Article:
Time, the fourth dimension of physics, underpins and interweaves all astronomy – and this talk, “Keeping Time” by Dr Bruce Warrington of the National Measurement Institute, encompassed the whole of scientific time from the earliest ideas for clocks to the utilisation of millisecond pulsars as time-keepers.
The speaker retold the historic “longitude” controversy and its varied solutions, some horological. We have amazing glimpses of Harrison using naked-eye star transits to check his pendulum clocks, with one in a cold room, one in a hot room, in efforts to control temperature affects. We learn of Kendall’s marvellous replica chronometers, and of K1’s three trips to Australia – lastly for 1988 celebrations (thanks Nick Lomb).
We review transit ‘scopes, and “guns” and time-balls; and the emergence of telegraphy that can repeat accurate time at remote sites. Passing through historic time we feel the loom of the twentieth century – with Einstein, and concepts of Relativistic Time. And Space, of course, where accurate time keeping is vital to detect space curvature, possible gravity waves, and the ‘flips’ of electron shells and the frequency of radiation beams.
Quartz oscillators and early Caesium clocks are dissected for us; the pace of change quickens again. An ionised mercury atom vibrates in an ‘ion trap’ no bigger than the head of a match – and amazed, we watch trapped ions emit tiny flashes of light as they change state. We learn finally of the latest prototype time-pieces accurate to one second in 400 million years! It’s an exhilarating presentation – always returning to link observed universal time with terrestrial machines designed to keep that time.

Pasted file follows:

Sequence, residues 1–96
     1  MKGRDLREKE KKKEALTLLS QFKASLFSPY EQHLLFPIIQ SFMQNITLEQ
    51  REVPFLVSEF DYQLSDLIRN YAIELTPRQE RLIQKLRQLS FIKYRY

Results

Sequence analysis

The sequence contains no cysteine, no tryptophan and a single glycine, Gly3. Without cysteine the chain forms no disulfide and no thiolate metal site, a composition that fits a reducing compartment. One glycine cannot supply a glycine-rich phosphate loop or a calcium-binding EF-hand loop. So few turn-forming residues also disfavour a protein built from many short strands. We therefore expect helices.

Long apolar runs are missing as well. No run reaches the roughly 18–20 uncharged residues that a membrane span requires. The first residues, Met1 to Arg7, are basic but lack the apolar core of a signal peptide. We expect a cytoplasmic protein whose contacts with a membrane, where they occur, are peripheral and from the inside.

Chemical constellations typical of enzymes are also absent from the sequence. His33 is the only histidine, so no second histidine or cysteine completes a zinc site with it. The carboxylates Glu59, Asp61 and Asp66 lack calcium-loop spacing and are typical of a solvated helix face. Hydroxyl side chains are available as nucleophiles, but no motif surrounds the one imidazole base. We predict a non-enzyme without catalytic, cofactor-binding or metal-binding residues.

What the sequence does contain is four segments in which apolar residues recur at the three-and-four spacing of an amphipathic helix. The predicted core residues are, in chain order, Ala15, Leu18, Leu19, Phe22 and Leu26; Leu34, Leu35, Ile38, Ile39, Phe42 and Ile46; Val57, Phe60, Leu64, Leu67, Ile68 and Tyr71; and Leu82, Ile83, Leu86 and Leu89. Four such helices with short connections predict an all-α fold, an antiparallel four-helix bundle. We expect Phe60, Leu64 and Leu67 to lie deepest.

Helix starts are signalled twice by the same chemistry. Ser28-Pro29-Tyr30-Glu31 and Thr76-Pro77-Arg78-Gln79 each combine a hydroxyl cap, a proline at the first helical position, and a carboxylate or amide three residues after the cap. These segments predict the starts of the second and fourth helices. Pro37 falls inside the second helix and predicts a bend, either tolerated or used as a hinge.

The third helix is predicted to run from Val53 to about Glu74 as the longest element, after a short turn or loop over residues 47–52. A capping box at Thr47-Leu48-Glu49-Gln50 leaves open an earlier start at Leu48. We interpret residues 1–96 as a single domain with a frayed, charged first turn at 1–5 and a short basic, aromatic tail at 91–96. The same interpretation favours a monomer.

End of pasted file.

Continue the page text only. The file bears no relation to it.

Of course Earth’s wobbly rotation rate, drifting continents and other variables must be compensated for – and the Bureau International des Poids et Mesures, Paris, has the final say in deciding, now and again, to insert a leap-second into the world’s arrays of time-keepers! And this is sometimes a controversial action.
We learn that here, in Sydney Cove, where some of the history of Time has been made, caesium atomic clocks keep time in neat white boxes with red led read-outs, watched over by two hydrogen masers and a ytterbium ion frequency unit.
We are relieved to hear that the 1194 Time Service is accurate to better than a second, indeed a tenth of a second if your reflexes permit.
There was of course much more, and Dr Warrington augmented his talk with anecdotes, wit and rich detail – which, in the setting of the old observatory and surrounded by historic instruments, seemed to come vibrantly alive, making for a most wonderful evening’s journey through Time.
Dr Bruce Warrington – National Measurement Institute, studied at University of Otago NZ, before completing his PhD at Oxford. Further research there and at University of Washington in Seattle preceded joining CSIRO National Measurement Laboratory as research scientist developing ultra-accurate timekeepers. He then led the Time and Frequency Group of the National Measurement Institute and now heads the Length, Time and Optical Standards Section of NMI.